How to Configure Time Zone and System Clock in Linux

In this tutorial, we will look at how to change your time zone settings in Linux and how to use NTP to sync the Linux system clock to your time zone.

Check Time Zone Settings

Check the current time zone settings.



Fri May 20 13:36:53 UTC 2022

As you can see, my system time zone is set to UTC (Universal Time Coordinated). But I live in China right now. So I need to change time zone settings from UTC to CST (China Standard Time).

Change Time Zone on Debian-based Linux Distros

On Debian-based Linux distros, including Debian, Ubuntu, Linux Mint, Elementary OS, etc, you can change your time zone settings with this command.

sudo dpkg-reconfigure tzdata

It will open up a dialog in the terminal to let your select your geographic area.

change time zone setting on Debian-based linux

Next, select the city or region corresponding to your time zone. I live in China, so I selected Shanghai.

select the city or region corresponding to your time zone.

After you hit the OK button, your system clock will be immediately changed to your time zone clock.

A Distro-Agnostic Way to Change Time Zone Settings

This method works on all Linux distributions. First, open a terminal and type this command:

sudo ln -sf /usr/share/zoneinfo/

Don’t press Enter yet, press Tab key instead.

change time zone settings

A list of geographic areas will appear, now enter the name of your area after sudo ln -sf /usr/share/zoneinfo/. For example, I entered Asia. Then press Tab key again.  A list of City will appear.

change time zone settings in terminal

Enter the name of the city corresponding to your time zone. For instance, I entered Shanghai. Now press the space key and enter /etc/localtime. So the final command will be

sudo ln -sf /usr/share/zoneinfo/your-geographic-area/your-city /etc/localtime

Press enter to run this command. It will create a symbolic link pointing /etc/localtime file to your specific time zone file. Your system’s clock will be updated immediately, as you can find out by entering date command in the terminal. But users with a desktop environment such as XFCE need to log out and log back in to see the changes on the taskbar.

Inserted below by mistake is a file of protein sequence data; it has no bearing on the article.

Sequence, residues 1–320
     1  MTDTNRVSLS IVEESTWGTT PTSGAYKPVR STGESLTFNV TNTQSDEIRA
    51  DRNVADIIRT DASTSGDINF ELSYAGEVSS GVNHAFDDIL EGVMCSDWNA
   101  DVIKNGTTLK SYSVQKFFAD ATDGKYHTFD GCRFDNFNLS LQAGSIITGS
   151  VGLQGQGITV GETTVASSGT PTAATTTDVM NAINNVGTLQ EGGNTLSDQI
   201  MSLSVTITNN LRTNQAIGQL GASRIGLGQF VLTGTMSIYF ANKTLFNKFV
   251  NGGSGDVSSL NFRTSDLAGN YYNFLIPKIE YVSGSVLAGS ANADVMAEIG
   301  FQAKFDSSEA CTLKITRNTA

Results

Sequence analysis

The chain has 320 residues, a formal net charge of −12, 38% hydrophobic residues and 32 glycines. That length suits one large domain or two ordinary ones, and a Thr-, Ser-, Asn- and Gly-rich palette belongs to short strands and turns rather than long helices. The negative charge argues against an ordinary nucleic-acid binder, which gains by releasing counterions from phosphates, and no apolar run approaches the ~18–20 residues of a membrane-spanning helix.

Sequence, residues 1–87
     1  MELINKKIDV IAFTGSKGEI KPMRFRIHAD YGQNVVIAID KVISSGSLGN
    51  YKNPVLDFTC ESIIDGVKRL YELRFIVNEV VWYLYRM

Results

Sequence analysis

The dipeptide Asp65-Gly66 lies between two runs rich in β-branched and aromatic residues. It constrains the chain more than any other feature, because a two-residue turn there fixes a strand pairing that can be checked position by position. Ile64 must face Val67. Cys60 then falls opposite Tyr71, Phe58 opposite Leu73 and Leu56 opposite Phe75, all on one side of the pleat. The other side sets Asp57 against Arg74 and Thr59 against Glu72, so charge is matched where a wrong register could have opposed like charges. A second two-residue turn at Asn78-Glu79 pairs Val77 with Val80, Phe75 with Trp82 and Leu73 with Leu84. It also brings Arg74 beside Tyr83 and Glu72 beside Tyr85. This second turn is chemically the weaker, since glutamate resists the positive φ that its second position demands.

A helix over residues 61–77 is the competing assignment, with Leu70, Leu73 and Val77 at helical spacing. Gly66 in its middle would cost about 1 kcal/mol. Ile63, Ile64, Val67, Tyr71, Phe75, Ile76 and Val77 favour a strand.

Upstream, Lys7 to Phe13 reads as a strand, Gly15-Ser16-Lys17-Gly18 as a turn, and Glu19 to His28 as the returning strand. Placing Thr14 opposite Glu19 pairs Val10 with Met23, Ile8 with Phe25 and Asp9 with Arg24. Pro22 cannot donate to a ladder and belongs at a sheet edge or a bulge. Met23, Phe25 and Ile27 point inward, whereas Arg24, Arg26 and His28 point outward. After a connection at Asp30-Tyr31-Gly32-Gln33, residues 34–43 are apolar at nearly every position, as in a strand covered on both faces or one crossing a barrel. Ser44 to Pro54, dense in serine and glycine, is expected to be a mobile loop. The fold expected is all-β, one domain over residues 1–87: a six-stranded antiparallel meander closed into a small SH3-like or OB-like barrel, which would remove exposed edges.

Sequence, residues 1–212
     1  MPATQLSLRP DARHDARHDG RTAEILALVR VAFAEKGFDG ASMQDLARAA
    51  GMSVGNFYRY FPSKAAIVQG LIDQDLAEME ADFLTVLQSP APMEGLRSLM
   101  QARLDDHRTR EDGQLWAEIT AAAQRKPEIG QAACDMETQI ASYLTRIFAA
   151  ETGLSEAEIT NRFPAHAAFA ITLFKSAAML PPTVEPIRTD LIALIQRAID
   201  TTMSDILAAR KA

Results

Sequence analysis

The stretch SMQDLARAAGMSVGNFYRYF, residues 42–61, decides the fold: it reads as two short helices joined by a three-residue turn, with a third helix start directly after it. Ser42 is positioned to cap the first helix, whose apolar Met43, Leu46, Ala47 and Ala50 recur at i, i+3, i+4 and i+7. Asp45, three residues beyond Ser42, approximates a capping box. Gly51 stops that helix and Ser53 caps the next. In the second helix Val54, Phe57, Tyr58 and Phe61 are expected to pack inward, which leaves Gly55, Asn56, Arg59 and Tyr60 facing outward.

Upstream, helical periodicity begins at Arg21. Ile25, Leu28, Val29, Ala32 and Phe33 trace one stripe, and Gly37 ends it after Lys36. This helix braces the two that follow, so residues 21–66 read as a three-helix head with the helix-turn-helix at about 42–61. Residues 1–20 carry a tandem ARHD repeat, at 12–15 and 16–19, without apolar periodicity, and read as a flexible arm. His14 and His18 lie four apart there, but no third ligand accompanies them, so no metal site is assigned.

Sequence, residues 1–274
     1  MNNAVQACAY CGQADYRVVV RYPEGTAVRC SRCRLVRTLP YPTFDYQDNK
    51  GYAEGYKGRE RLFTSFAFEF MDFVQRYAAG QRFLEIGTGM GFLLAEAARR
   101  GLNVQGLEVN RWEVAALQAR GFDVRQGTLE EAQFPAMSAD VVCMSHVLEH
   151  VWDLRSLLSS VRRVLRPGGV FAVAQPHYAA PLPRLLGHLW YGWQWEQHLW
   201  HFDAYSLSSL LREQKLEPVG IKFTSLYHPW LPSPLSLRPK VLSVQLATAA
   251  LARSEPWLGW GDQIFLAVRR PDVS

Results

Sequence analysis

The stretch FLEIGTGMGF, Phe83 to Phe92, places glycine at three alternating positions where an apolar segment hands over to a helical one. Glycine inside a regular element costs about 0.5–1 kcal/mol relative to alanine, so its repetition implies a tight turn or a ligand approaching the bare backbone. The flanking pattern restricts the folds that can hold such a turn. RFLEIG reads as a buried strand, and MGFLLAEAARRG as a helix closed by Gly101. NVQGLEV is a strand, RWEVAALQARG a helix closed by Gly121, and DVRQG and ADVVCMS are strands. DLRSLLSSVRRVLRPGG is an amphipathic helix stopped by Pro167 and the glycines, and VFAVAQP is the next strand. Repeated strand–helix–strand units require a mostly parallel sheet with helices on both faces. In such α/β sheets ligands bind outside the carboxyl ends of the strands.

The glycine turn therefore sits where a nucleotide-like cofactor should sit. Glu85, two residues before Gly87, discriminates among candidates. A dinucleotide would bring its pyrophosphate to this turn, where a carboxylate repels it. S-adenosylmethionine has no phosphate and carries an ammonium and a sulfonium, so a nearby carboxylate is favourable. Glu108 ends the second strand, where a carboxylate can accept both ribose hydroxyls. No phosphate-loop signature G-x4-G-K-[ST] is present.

Real-Time Clock

RTC stands for real-time clock, also known as hardware clock. This clock is powered by CMOS battery of your computer’s motherboard. This clock runs all the time even if you shutdown your computer. Sometimes RTC time is incorrect.

To find out RTC time on your computer, run this command:



               Local time: Fri 2022-05-20 21:42:26 +08
           Universal time: Fri 2022-05-20 13:42:26 UTC
                 RTC time: Fri 2022-05-20 13:42:26
                Time zone: Asia/Singapore (+08, +0800)
System clock synchronized: yes
              NTP service: active
          RTC in local TZ: no

As you can see, my local time is now 21:42:26, but RTC time is 13:42:26. RTC time is not in my local time zone and sometimes this can cause problems if the RTC time is inaccurate. RTC time is unreliable.

To make your system read RTC time in UTC standard, execute the following command.

timedatectl set-local-rtc 0

To let your system read RTC time in the local time zone, run this command

timedatectl set-local-rtc 1

It’s recommended your system read RTC time in UTC standard to prevent unexpected behavior.

Synchronize System Clock to Your Time Zone

Sometimes, your system clock can still be incorrect even if you set the correct time zone. To make sure your system clock is synchronized to your local time zone, you need NTP (Network Time Protocol).

NTP’s job is to provide accurate time on your network and there are many services that rely on accurate time to function correctly. NTP synchronizes the clock across your network so that time is as accurate as possible. It’s an application layer protocol and it uses UDP as the transport layer protocol. Network time servers get their time from atomic clocks.

On systemd you can enable NTP synchronization using timedatectl.

sudo timedatectl set-ntp true

The above command will start and enable the systemd-timesyncd service. Now check the status.

timedatectl status


               Local time: Fri 2022-05-20 21:45:34 +08
           Universal time: Fri 2022-05-20 13:45:34 UTC